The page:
What is the dirty screen effect or DSE and how to avoid it on your Smart TV

It is not the first time that we have talked to you about the most common problems that a television can have. At the time we told you everything you need to know about blooming, and today it’s the turn of another headache for thousands of users. We talk about dirty screen effect or DSE, a problem in many Smart TVs.

And the truth is that the dirty screen effect could not have a more appropriate name, since once you locate it on your television, you will always notice that annoying stain on the screen of your Smart TV.

What is the dirty screen effect or DSE

Dirty screen effect posted on Samsung forums

In case you are not familiar with the dirty screen effect, DSE (Dirty Screen Effect) is a term that used to describe an LCD panel that is experiencing luminance issues in some area. There are many ways in which the dreaded dirty screen effect can make an appearance, since it appears as a random stain on your Smart TV, wide bars, blackouts in the corners…

It should be remembered that any LED backlit TV can suffer from dirty screen issuesso all LED panels, QLED and MiniLED are the most prone, especially in Full Array models, although the DSE it can also affect OLED TVs.

What does the dirty screen effect look like

As you may have seen before, the DSE or dirty screen effect can appear on all types of Smart TV, in addition to having different ways of representing themselves. But there is a common element: the areas affected by this problem are slightly darker. For example, when watching a game or a movie you will see some areas of the screen of your Smart TV that look darker, as if it were dirty. Exactly, it is the dreaded DSE.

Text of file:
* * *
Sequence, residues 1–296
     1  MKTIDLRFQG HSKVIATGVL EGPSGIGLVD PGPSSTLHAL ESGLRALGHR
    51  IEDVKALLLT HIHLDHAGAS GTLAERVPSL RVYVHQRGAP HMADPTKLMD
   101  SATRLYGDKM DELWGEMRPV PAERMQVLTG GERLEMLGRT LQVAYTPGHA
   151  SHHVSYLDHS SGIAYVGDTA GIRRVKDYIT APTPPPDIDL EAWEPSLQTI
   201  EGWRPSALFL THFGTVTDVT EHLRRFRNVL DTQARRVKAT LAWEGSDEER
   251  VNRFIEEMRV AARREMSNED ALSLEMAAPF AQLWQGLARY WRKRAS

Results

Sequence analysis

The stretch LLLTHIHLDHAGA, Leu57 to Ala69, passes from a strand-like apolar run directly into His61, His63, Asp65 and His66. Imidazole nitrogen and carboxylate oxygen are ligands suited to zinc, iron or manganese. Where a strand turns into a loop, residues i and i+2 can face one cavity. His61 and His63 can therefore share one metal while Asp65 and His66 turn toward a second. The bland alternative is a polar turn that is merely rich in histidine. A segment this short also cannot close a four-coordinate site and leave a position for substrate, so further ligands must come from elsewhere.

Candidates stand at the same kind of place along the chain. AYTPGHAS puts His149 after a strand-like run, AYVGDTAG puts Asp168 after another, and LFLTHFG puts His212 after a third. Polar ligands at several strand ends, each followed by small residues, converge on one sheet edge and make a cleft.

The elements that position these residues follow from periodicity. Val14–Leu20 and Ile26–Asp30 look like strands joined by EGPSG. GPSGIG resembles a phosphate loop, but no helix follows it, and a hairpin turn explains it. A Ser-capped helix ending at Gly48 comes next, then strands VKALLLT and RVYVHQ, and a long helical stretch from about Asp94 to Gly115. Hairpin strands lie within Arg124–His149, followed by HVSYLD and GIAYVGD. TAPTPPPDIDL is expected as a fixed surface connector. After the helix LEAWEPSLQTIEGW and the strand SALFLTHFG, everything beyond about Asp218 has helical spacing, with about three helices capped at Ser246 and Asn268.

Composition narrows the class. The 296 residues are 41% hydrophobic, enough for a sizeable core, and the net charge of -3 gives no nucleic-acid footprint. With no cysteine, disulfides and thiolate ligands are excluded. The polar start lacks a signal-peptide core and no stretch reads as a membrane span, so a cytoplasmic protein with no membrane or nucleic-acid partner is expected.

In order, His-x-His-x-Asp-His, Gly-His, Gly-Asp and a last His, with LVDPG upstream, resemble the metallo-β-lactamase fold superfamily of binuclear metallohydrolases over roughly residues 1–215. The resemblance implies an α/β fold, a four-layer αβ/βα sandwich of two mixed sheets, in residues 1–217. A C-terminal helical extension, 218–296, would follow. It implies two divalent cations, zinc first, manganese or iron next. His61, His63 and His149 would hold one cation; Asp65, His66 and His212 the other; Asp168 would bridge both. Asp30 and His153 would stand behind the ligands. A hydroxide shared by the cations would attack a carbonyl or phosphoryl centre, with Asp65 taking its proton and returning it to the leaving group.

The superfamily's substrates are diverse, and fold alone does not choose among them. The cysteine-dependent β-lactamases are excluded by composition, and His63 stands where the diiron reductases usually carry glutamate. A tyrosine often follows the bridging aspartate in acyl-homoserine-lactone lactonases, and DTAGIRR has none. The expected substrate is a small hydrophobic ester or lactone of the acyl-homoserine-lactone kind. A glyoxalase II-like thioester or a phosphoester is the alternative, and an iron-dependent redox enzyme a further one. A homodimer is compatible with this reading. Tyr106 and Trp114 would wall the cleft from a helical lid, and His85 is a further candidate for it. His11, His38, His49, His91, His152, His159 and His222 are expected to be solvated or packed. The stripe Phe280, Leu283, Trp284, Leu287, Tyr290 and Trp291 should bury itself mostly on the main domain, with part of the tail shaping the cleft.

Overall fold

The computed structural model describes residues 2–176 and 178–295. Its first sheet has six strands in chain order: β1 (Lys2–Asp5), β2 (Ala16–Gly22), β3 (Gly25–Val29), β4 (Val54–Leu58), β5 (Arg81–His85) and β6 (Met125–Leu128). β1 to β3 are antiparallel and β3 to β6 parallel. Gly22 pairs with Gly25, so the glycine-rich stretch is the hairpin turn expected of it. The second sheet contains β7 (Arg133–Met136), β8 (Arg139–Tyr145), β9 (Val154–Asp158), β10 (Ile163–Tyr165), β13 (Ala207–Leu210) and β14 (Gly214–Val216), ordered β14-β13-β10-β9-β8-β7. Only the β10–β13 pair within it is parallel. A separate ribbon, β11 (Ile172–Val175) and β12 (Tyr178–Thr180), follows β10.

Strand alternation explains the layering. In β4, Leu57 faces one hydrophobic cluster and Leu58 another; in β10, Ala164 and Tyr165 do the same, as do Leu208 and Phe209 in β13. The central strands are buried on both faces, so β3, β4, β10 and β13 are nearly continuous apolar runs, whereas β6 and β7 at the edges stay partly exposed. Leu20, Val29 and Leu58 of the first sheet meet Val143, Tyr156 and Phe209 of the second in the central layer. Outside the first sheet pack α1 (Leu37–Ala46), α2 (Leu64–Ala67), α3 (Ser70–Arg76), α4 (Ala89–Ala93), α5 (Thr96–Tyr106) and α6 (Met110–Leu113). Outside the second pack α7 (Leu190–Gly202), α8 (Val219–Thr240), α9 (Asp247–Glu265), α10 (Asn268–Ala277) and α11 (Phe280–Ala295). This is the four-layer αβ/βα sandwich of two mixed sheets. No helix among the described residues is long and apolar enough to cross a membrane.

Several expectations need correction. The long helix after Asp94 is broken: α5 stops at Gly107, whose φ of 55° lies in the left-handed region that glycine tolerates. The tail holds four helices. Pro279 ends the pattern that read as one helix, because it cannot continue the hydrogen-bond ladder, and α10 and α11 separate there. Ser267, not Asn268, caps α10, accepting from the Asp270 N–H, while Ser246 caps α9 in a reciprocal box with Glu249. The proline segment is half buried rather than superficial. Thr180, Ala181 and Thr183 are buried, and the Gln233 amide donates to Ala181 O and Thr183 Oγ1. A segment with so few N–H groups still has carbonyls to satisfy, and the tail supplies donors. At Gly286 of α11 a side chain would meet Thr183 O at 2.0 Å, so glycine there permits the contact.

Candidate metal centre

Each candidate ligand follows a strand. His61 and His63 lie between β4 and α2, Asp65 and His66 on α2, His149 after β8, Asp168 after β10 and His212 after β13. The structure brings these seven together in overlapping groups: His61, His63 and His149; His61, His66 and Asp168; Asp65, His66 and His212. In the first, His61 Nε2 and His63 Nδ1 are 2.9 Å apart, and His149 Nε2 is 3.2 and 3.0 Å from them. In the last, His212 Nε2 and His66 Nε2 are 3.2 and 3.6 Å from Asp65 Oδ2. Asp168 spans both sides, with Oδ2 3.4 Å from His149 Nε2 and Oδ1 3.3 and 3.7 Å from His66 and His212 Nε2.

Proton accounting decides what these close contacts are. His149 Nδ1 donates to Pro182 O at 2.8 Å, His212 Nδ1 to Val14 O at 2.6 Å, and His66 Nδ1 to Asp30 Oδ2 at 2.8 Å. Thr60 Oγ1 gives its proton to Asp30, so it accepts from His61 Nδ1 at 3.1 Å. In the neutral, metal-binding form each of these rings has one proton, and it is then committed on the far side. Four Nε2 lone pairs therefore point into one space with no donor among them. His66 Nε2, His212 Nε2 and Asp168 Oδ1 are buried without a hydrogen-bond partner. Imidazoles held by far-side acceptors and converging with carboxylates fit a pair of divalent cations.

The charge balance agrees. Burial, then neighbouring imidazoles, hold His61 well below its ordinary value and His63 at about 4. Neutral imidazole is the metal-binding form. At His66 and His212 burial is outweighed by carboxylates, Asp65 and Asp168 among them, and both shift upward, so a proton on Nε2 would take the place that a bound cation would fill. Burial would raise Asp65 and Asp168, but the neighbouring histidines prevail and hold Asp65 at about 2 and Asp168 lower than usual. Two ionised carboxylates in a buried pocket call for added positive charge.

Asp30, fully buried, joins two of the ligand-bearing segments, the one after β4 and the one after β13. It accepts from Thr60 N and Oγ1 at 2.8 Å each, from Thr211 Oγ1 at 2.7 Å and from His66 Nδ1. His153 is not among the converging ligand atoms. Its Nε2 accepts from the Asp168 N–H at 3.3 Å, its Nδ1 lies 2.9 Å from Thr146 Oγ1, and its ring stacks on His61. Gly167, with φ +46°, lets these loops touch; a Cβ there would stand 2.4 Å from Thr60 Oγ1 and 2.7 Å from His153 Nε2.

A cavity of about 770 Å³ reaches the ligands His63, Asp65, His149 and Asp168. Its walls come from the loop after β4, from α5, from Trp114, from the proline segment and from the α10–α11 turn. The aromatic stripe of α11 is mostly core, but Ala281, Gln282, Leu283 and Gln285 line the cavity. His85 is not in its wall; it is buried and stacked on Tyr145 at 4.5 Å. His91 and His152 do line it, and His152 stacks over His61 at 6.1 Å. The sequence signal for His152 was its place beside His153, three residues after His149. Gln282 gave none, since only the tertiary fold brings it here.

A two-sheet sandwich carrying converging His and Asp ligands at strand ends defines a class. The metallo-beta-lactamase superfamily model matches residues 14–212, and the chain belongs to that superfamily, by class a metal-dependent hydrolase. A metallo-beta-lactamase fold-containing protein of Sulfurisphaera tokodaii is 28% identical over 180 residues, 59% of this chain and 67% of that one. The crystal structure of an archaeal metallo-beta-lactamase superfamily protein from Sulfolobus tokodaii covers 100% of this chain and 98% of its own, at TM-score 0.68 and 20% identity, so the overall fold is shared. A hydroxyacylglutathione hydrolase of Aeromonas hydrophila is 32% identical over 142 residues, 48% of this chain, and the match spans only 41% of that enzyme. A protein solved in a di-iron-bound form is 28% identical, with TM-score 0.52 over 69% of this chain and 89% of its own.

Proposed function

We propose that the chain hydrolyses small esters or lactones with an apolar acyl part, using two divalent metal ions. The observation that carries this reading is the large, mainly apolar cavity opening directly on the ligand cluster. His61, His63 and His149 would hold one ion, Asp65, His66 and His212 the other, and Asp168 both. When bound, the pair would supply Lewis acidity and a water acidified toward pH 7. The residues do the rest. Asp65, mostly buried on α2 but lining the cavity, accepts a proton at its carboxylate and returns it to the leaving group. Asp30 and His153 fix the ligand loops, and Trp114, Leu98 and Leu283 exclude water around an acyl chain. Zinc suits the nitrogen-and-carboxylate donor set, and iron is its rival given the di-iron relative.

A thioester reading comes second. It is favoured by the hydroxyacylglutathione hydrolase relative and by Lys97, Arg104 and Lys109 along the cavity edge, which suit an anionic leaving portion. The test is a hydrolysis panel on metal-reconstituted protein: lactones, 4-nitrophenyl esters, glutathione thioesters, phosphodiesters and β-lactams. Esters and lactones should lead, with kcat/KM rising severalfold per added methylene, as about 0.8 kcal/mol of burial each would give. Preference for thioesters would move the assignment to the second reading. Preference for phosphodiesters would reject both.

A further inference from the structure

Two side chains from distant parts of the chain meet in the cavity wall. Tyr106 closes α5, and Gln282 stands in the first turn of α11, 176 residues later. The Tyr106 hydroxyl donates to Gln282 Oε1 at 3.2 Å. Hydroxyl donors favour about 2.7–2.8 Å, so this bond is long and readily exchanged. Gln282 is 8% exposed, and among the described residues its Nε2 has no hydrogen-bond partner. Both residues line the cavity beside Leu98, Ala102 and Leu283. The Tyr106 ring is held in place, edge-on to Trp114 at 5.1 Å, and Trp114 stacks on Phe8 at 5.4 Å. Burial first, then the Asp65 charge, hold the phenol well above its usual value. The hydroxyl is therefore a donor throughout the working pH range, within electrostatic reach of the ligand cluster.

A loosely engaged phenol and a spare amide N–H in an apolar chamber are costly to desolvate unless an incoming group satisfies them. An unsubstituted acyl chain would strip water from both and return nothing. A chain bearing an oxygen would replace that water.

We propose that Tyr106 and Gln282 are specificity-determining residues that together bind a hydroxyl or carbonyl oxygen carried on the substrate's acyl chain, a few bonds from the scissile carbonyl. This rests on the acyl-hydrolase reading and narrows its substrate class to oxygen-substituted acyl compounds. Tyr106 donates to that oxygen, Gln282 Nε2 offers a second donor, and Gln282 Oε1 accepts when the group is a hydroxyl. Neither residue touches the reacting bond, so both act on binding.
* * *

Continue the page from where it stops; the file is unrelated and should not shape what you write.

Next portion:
The problem is in the screen, so You will notice the effect especially when there are moving images in the areas that are suffering from this problem. For example, in the video that heads these lines you can see a television that suffers from DSE problems.

Is DSE a widespread problem?

Huawei Vision S

You are probably wondering if this problem is widespread. The truth is it is a fairly common failure, especially on LCD screens. And this is where the lighting zones come in, since the fewer zones there are, the more likely it is that problems related to the dirty screen effect will arise over time.

This way, DSE is more likely to appear on a budget TV than on a high-end one, although we emphasize again that any Smart TV is susceptible to this problem. Of course, what is clear is that DSE is a symptom that appears over time, so it is a visual aberration that will appear when you have been using your Smart TV for several years.

What causes the dirty screen effect

This patent shows LG's new rollable panel

There are different factors that cause the appearance of DSE in an LCD panel, and some of them have to do with the manufacturing process. Mainly because the distribution of the sub-pixels, variation in the conductivity and/or capacitance of the transparent electrodes and other technical details are what cause this to happen.